What’s the best business entity for your business?
LLC - Partnership - S-Corp - C-Corp say WHAT?!?!
I know, it’s confusing. I get questions all the time about LLCs, what they are, and whether or not you really need one (yes, eventually it’s a good idea).
Here’s the bottom line, a Corporation (S-Corp or C-Corp) and Limited Liability Company (LLC) are legal entities that have certain protections and BENEFITS under the law.
A sole proprietorship and partnership are also business entities but do not have the same protections. If you start a business and make money - you are a sole proprietorship.
Technically “incorporating” means the act of creating a corporation under the laws of a state; however, the term is now used interchangeably with forming a business, whether it be a corporation or LLC. While forming a sole proprietorship or a partnership are options, one of the main reasons to incorporate is to protect the owner from personal liability, which are benefits of a corporation and an LLC.
This is different from getting a business license - which you may or may not need depending on your state and the type of business you are in, google your state + business license requirements to learn more!
An LLC is a Limited Liability Company.
It’s my fav business entity for new coaches and online biz owners.
There are several advantages to an LLC, especially for smaller businesses. One of the main draws of this type of legal entity (versus a sole proprietorship or partnership) is an LLC offers protection for personal assets in the event of a judgment from a lawsuit against the business.
This means *if* something goes wrong, your personal assets are separated from your biz assets and if you do lose, it doesn’t mean you lose your shirt/house/car, literally -- they can only get what is in your biz account.
Other benefits of an LLC include not having to use your own social security number for your Federal Tax ID number (EIN) and utilizing your LLC to open a business banking account. PLUS, being an LLC looks LEGIT to your clients - big bonus!
So then what is the difference between an LLC and a Corporation?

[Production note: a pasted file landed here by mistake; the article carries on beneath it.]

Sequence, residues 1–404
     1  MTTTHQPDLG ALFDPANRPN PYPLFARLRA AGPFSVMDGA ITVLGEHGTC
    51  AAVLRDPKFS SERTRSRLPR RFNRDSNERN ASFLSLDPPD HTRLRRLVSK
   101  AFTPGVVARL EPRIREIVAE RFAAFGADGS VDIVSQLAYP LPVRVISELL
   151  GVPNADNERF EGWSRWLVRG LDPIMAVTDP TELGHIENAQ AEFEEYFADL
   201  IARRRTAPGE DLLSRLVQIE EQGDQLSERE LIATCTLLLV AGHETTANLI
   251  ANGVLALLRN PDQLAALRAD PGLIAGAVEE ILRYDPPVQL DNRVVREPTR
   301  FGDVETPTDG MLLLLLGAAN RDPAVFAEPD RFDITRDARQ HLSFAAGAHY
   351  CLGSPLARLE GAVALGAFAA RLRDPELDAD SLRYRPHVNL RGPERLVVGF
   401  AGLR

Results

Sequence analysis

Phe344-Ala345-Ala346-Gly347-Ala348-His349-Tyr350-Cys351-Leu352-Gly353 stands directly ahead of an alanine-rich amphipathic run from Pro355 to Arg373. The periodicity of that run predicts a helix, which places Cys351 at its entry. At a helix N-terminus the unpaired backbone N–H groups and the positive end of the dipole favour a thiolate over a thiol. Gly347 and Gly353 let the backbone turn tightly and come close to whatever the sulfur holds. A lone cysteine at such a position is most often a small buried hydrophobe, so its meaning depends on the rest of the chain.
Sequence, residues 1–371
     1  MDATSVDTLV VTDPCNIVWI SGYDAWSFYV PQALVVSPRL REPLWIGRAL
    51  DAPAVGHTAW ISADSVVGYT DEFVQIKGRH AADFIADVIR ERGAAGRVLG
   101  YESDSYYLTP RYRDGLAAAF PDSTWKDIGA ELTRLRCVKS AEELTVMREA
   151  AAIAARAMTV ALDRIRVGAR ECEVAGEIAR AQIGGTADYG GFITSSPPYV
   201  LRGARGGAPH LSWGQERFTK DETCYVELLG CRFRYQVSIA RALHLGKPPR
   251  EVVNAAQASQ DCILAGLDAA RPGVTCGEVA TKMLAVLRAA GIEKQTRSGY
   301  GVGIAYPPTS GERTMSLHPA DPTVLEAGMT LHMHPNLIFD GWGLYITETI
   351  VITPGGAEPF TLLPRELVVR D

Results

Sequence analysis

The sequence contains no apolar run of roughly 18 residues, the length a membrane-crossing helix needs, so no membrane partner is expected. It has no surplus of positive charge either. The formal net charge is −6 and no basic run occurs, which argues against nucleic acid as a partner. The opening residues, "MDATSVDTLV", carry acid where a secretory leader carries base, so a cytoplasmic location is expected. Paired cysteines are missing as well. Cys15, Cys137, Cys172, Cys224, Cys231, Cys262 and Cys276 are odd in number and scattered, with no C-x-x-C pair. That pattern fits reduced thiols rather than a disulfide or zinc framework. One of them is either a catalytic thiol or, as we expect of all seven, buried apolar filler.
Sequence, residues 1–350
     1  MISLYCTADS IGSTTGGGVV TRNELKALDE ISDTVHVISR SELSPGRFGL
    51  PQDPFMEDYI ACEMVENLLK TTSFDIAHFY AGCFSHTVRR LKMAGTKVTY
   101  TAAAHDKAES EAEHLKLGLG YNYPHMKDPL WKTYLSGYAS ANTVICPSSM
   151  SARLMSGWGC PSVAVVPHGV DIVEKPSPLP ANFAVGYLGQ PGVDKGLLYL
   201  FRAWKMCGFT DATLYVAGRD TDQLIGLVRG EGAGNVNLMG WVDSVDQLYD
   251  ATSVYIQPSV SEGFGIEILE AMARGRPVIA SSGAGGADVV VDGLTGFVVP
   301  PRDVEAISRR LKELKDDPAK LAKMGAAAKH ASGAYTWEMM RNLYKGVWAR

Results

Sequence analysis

Basically. PAPERWORK. For realz - corps have a lot more paperwork.
But there are other differences as well. Unlike a corporation (S-Corp or C-Corp), in a Limited Liability Company (LLC) there are no annual meeting or minute requirements, limits on membership, and profits/losses are passed through to the owner’s tax returns.
This “pass through” taxation means members of the LLC report their profit and loss on their personal tax forms and the business itself is not responsible for taxes on its profits (but usually means more taxes).
* NOTE - I AM NOT A TAX ATTORNEY AND GET JUST AS CONFUSED ABOUT TAXES AS YOU DO :)
If you are a small biz owner, starting as an LLC is always a great choice - you can always choose to be taxed as an S-Corp later which may save you $$ if you are making more than 100K. LLCs usually end up paying more in taxes but unless you have some predictability on your income, S-Corp isn’t likely for you (meaning you should be making over 100K before thinking about this and then go talk to a tax attorney and accountant).
C-Corps aren’t really for us, those are for BIG ASS companies. If you have questions on taxation, chat with a tax attorney or your accountant!
So now are you wondering: when and how do I incorporate my LLC?
It’s true that deciding when to incorporate your new business as an LLC is a tough decision. There are differing views on when is the best time – one point of view is to wait as long as possible to avoid spending money and to ensure the business is viable.
The other thinking is the earlier the better to ensure legal protection and have standing ASAP.
If you are not making any money yet or are not worried about being held personally liable for any mishaps, is it necessary? On the other hand, what if your business goes from zero sales to 100 in a few days and you are left without the necessary documents, bank accounts, etc. in place?
In the online world, going viral can happen at the drop of a hat – better to be ready than wishing you had taken the necessary preparations earlier!
As an attorney, I always advise people to incorporate within the first 6-12 months of your biz.
While getting your other legal foundations in place (contracts, website policies, etc) should be FIRST on the list, this is right after.
It usually is not that expensive (ranging from $100-1000 depending on the state) and you can set everything up directly through your state's secretary of state or similar - just google your state + set up LLC and you should find what you need!
You can register a very broad business (e.g., ‘for any purpose a corporation may operate as’) so that even if you change course, you can still keep the same LLC. I also suggest to incorporate under either your name or a fairly generic name in case you do slightly change businesses.
Sarah Kornblet Waldbuesser, Esq.
Attorney for Coaches & Online Business Owners
After several years at a law firm and a few career jumps, she ended up falling in love with online business and loves helping entrepreneurs achieve their dreams in a smart and protected way. She is also an adventurer, traveler, and food and wine lover. When not at her computer, she loves hanging with her family, having wine with friends, flying around the globe and connecting with other online business owners.